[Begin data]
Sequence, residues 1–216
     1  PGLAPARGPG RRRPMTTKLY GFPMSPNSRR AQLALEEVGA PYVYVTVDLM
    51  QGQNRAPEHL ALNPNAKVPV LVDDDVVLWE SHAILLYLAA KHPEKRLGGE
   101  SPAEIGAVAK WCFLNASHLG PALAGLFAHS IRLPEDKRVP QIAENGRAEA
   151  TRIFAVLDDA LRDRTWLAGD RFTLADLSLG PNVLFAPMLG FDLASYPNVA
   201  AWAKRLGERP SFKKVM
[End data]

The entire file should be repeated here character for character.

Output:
Sequence, residues 1–216
     1  PGLAPARGPG RRRPMTTKLY GFPMSPNSRR AQLALEEVGA PYVYVTVDLM
    51  QGQNRAPEHL ALNPNAKVPV LVDDDVVLWE SHAILLYLAA KHPEKRLGGE
   101  SPAEIGAVAK WCFLNASHLG PALAGLFAHS IRLPEDKRVP QIAENGRAEA
   151  TRIFAVLDDA LRDRTWLAGD RFTLADLSLG PNVLFAPMLG FDLASYPNVA
   201  AWAKRLGERP SFKKVM